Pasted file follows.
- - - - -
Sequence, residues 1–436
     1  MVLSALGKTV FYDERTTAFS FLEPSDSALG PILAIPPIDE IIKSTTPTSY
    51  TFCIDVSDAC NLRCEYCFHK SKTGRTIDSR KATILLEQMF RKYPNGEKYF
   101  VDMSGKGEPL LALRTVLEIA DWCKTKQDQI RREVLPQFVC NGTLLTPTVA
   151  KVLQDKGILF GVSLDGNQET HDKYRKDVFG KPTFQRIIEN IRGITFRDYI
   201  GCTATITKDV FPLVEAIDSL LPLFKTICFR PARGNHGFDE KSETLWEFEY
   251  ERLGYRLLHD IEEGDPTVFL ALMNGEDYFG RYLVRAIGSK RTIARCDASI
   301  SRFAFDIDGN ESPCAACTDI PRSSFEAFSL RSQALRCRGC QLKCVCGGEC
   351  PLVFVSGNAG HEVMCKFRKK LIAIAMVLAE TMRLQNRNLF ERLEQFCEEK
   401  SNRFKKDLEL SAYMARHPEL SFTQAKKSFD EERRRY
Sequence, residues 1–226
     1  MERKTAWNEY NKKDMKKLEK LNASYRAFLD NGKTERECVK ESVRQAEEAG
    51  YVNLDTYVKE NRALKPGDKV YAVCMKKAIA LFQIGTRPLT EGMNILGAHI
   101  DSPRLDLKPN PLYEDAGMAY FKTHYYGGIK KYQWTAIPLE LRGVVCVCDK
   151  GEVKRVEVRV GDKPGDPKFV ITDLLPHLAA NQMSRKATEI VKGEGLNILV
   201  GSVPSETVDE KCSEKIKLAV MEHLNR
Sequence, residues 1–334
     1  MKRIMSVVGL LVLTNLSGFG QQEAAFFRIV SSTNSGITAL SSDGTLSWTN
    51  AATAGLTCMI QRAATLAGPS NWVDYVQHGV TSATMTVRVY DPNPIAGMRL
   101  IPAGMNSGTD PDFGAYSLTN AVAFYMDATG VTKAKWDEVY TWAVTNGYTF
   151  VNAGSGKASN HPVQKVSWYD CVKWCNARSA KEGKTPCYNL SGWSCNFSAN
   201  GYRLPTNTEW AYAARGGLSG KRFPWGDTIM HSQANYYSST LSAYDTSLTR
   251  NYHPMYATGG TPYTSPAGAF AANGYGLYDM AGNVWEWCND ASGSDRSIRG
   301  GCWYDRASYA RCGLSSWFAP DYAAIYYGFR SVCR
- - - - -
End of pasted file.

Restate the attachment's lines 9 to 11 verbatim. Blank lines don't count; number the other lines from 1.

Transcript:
   351  PLVFVSGNAG HEVMCKFRKK LIAIAMVLAE TMRLQNRNLF ERLEQFCEEK
   401  SNRFKKDLEL SAYMARHPEL SFTQAKKSFD EERRRY
Sequence, residues 1–226